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Kenya Set to Borrow Another KSh 780b in Eurobonds Amid Rising Public Debt

April 8, 2021
Kenya is once again set to borrow another KSh 780 billion in Eurobonds despite its rising public debt and mounting pressure to slow down on borrowing rate. The details emerged through the International Monetary Fund (IMF), which revealed that President Uhuru Kenyatta’s government is in the international market seeking additional funds for the next one and half years.
According to a borrowing plan submitted to IMF by the National Treasury, Kenya plans to borrow KSh 528 billion in concessional loans, which have long grace periods.
Another KSh 253 billion, on the other hand, would be commercial loans that come with high-interest rates and a short term repayment period.
The IMF noted the loan programme allows the country to borrow more funds for debt repayment.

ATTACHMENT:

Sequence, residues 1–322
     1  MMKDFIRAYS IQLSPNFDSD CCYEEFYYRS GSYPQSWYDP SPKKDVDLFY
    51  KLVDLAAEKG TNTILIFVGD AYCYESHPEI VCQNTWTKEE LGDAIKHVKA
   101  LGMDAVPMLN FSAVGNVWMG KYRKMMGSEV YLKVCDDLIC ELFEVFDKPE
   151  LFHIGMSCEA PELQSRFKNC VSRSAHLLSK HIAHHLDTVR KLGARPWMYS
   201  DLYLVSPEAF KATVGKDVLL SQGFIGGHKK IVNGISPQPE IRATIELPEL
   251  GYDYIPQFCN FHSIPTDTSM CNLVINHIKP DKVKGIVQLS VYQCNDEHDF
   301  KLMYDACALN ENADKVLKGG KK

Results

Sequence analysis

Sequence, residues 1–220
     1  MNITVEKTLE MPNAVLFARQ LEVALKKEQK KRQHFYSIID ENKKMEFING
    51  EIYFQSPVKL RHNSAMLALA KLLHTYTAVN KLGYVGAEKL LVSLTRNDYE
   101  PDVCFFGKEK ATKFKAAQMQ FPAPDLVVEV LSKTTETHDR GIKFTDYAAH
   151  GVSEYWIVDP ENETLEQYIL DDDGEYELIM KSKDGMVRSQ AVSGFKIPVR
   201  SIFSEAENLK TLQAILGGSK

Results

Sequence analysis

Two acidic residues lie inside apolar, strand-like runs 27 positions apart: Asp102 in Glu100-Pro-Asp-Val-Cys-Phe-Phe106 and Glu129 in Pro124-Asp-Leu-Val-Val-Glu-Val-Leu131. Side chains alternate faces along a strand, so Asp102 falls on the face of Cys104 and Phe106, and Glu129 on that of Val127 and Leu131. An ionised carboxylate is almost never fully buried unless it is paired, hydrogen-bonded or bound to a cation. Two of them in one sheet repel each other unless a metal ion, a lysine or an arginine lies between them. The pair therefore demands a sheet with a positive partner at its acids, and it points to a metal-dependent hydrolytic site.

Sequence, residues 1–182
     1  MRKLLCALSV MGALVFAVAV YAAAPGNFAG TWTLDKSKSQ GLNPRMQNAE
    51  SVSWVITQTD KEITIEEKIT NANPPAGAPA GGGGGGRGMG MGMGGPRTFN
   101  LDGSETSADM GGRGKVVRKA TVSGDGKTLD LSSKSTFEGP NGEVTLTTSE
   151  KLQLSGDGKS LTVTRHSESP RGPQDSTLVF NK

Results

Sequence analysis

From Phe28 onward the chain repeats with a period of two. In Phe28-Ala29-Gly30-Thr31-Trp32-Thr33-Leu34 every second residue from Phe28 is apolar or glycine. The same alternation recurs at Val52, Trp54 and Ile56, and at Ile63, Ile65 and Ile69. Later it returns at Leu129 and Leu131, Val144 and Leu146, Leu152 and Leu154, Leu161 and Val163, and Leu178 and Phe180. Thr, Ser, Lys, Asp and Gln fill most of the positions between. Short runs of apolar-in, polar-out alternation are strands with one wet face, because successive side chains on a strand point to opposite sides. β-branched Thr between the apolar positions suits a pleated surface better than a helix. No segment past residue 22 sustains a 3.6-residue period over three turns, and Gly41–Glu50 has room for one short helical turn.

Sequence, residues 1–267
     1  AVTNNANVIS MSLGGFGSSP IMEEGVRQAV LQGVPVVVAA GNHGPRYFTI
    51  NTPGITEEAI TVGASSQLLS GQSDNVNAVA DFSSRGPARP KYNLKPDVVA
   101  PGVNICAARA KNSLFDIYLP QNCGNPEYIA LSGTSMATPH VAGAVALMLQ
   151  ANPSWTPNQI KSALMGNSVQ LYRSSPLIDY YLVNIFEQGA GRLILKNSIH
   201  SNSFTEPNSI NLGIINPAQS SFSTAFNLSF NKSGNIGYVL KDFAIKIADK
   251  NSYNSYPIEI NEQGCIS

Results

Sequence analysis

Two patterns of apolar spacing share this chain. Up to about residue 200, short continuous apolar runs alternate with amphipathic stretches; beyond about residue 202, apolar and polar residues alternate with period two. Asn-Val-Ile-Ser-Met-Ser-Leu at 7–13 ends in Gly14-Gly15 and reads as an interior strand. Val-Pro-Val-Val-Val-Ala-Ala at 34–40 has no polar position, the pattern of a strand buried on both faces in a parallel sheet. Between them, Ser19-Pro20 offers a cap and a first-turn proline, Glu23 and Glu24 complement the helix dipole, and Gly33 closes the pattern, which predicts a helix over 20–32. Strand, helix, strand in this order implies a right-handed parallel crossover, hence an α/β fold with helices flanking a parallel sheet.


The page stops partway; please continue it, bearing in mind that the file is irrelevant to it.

Treasury in January indicated it planned to push parliament to raise the country’s debt ceiling from the current KSh 9 trillion to a new limit of KSh 12 trillion.
The move, the exchequer stated, aims to enable the government to borrow more to finance the 2021/2022 budget, which, from the projections and all indications, is likely to suffer a serious financial shortfall running into billions of shillings due to revenue constraints.
According to statistics by the Central Bank of Kenya, the country’s public debt stood at KSh 7.2 trillion as of November 2020. The domestic debt was estimated at KSh 3.4 trillion, while the external debt was KSh 3.7 trillion.

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